# Help finding basis

• Jan 4th 2013, 06:28 AM
Stormey
Help finding basis
Hi.

i have the following subspaces:

$\displaystyle W=Span\left \{ (0,2,1), (1,2,0) \right \}$

$\displaystyle U=Span\left \{ (5,4,-5),(0,1,0) \right \}$

i need to find the basis for $\displaystyle U+W$ and $\displaystyle U\cap W$ and to determine if $\displaystyle U+W$ is a direct sum of $\displaystyle \mathbb{R}$.

so, this is what i did to find the basis for $\displaystyle U+W$:
i set $\displaystyle (5,4,-5),(0,1,0),(0,2,1), (1,2,0)$ in one $\displaystyle 3\times 4$ matrix and found its rank to be 3.
so i can just throw one of this vectors out, and it can be basis for $\displaystyle U+W$.
and obviously $\displaystyle U+W$ can't be direct sum of $\displaystyle \mathbb{R}$, since $\displaystyle U+W\neq \left \{ \vec{0} \right \}$ because $\displaystyle dim(U\cap W)=1>0$.

that all leaves me with 2 questions:

1. first of all: how do i find the basis for $\displaystyle U\cap W$?
2. is it enough to say that "$\displaystyle U+W$ can't be direct sum of $\displaystyle \mathbb{R}$, since $\displaystyle U+W\neq \left \{ \vec{0} \right \}$ because $\displaystyle dim(U\cap W)=1>0$" in order to prove that $\displaystyle U+W$ is not a direct sum of $\displaystyle \mathbb{R}$?

• Jan 4th 2013, 12:28 PM
Deveno
Re: Help finding basis
first of all, U+W is a direct sum if and only if: dim(U∩W) = 0 (which is the same thing as saying U∩V = {0}).

presumably you mean "direct sum decomposition of R3", but that is not what you wrote.

you cannot just arbitrarily "throw one vector out", you have to verify that the remaining 3 are linearly independent!

for example, {(1,0,0),(0,1,0),(0,0,1),(2,0,0)} is a linearly dependent set, but throwing out (0,1,0) won't fix this.

since you have deduced that dim(U∩V) = 1, we just need to find one non-zero vector in it, to use as a basis.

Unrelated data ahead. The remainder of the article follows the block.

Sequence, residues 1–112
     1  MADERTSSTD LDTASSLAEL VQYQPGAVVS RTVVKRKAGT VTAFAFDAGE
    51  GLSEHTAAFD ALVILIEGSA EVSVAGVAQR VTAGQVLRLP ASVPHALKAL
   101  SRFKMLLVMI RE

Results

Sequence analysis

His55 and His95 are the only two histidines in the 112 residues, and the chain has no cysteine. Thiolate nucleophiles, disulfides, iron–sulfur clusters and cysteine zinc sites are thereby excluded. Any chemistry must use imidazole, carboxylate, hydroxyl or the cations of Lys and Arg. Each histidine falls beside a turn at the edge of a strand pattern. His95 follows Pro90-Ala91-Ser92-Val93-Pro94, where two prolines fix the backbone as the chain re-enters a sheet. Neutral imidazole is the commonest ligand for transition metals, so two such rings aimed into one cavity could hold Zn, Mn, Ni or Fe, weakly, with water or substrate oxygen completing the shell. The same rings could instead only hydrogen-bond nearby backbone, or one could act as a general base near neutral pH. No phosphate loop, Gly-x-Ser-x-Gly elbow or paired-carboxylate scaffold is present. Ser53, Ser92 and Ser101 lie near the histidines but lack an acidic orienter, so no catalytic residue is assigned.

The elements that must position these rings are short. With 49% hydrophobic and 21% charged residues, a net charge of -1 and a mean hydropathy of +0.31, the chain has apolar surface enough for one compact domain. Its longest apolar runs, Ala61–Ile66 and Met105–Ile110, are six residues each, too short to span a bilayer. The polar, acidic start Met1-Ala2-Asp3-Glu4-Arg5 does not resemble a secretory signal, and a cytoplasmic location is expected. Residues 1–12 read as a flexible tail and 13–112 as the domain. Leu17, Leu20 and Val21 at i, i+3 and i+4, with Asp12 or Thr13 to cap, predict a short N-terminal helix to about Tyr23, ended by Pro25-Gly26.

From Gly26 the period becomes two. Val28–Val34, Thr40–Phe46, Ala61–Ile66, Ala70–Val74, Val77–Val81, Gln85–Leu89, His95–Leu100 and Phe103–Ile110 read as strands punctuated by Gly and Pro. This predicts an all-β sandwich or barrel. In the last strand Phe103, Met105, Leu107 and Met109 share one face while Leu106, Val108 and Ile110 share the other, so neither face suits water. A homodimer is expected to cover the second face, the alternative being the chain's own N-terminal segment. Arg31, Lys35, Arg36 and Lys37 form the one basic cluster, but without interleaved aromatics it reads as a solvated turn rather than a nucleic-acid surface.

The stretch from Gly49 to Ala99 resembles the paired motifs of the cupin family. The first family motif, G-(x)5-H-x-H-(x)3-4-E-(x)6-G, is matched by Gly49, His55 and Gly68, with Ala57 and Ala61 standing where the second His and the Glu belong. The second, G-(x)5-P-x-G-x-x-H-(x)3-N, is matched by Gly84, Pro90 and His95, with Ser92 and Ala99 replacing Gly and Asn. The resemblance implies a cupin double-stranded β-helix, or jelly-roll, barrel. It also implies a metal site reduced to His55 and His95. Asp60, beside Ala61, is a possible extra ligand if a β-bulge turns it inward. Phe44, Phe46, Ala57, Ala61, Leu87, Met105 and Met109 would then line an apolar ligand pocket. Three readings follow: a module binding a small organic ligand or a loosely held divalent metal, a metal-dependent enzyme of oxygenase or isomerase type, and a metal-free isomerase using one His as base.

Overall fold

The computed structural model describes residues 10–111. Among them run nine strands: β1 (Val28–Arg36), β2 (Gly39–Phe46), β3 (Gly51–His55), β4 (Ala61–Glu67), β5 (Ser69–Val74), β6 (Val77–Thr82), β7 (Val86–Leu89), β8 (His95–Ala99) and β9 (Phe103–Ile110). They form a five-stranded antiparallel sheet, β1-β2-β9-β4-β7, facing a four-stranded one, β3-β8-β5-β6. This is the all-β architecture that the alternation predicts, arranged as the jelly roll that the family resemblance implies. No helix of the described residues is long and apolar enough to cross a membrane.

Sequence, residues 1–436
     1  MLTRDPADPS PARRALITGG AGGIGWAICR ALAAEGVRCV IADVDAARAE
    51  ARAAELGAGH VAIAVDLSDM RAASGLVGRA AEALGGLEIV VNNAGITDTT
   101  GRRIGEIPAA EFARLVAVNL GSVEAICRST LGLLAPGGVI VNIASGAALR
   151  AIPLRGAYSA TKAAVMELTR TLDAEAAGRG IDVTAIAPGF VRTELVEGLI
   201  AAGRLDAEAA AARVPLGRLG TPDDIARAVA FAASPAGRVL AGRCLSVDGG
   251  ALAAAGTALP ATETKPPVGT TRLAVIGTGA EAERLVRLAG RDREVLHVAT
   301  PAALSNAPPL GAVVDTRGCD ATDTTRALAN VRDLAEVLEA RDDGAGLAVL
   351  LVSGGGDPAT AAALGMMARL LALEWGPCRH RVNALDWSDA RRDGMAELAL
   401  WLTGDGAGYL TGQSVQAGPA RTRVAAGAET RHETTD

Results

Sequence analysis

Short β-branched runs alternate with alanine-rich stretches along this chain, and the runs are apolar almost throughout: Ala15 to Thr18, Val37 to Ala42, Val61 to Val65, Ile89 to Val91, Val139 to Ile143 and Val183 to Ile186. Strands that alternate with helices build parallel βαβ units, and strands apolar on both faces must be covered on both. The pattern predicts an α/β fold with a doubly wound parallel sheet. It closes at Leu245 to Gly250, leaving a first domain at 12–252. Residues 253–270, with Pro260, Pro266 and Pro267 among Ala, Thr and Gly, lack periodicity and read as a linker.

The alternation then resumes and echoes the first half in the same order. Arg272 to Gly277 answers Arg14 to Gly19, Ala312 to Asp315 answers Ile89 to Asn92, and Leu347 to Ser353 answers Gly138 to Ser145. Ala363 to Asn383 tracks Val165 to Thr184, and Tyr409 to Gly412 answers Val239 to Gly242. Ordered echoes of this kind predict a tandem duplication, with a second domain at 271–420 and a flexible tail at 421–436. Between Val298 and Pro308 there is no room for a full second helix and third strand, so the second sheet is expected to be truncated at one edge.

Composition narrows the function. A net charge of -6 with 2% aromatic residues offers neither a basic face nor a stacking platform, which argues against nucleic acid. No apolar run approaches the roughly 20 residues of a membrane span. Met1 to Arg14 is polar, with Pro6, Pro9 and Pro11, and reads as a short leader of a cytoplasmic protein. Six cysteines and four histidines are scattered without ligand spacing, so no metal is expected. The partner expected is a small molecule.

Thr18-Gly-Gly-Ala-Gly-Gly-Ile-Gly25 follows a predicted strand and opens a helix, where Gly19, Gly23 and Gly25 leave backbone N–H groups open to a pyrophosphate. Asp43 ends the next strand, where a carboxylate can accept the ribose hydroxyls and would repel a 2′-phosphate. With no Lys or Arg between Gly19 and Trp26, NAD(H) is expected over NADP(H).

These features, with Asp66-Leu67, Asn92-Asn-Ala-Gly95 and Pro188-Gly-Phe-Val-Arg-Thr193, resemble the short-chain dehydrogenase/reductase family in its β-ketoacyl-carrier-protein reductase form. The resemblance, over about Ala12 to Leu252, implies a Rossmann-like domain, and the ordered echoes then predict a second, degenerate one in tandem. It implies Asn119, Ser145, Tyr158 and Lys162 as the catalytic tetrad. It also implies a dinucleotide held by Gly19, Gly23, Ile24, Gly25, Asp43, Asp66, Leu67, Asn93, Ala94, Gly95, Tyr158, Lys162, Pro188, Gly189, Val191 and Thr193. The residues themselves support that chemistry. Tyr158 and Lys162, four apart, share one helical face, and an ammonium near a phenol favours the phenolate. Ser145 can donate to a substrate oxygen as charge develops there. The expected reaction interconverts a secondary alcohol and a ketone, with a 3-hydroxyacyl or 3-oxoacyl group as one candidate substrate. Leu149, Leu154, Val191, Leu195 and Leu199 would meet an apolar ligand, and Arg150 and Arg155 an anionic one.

so suppose a(0,2,1) + b(1,2,0) = c(5,4,-5) + d(0,1,0), that is:

(b,2a+2b,a) = (5c,4c+d,-5c).

then b = 5c = -a, so:

2a+2b = 0 = 4c+d, so d = -4c = (4/5)(-5c) = (4/5)a. this means if we pick a, everything else falls into place. try a = -1.
• Jan 4th 2013, 02:09 PM
Stormey
Re: Help finding basis
Hi Deveno.

thanks for the great explanation.

Quote:

Originally Posted by Deveno
you cannot just arbitrarily "throw one vector out", you have to verify that the remaining 3 are linearly independent!

for example, {(1,0,0),(0,1,0),(0,0,1),(2,0,0)} is a linearly dependent set, but throwing out (0,1,0) won't fix this.

would you say the best way to go is to throw away the vector that was eliminated during the gaussian elimination?
for example, in my case:

$\displaystyle \begin{bmatrix}v_1\\ v_2\\ v_3\\ v_4\end{bmatrix}\begin{bmatrix} 5 & 4 & -5\\ 1 & 2 & 0\\ 0 & 1 & 0\\ 0 & 2 & 1 \end{bmatrix}\rightarrow \begin{bmatrix} 5 & 4 & -5\\ 0 & -6 & -5\\ 0 & 1 & 0\\ 0 & 2 & 1 \end{bmatrix}\rightarrow \begin{bmatrix} 5 & 4 & -5\\ 0 & -6 & -5\\ 0 & 0 & -5\\ 0 & 0 & -2 \end{bmatrix}\rightarrow \begin{bmatrix} 5 & 4 & -5\\ 0 & -6 & -5\\ 0& 0 & -5\\ 0 & 0 & 0 \end{bmatrix}$

so $\displaystyle v_4(0,2,1)$ is the right vector to throw?
• Jan 4th 2013, 02:52 PM
jakncoke
Re: Help finding basis
Quote:

Originally Posted by Stormey
Hi Deveno.

thanks for the great explanation.

would you say the best way to go is to throw away the vector that was eliminated during the gaussian elimination?
for example, in my case:

$\displaystyle \begin{bmatrix}v_1\\ v_2\\ v_3\\ v_4\end{bmatrix}\begin{bmatrix} 5 & 4 & -5\\ 1 & 2 & 0\\ 0 & 1 & 0\\ 0 & 2 & 1 \end{bmatrix}\rightarrow \begin{bmatrix} 5 & 4 & -5\\ 0 & -6 & -5\\ 0 & 1 & 0\\ 0 & 2 & 1 \end{bmatrix}\rightarrow \begin{bmatrix} 5 & 4 & -5\\ 0 & -6 & -5\\ 0 & 0 & -5\\ 0 & 0 & -2 \end{bmatrix}\rightarrow \begin{bmatrix} 5 & 4 & -5\\ 0 & -6 & -5\\ 0& 0 & -5\\ 0 & 0 & 0 \end{bmatrix}$

so $\displaystyle v_4(0,2,1)$ is the right vector to throw?

We can easily see that the the 2 vectors spanning W are linerely independent, so taking one vector from U and verifying that this set is linearly independent, is akin to showing that
$\displaystyle \begin{bmatrix} 0 & 2 & 1 \\ 1 & 2 & 0 \\ 5 & 4 & -5 \end{bmatrix}$ has a non zero determinant, which is does. Also the other vector from U also works and would create an linearly independent set of vectors. But your way should also give the right answer
• Jan 5th 2013, 12:10 AM
Stormey
Re: Help finding basis
thanks jakncoke.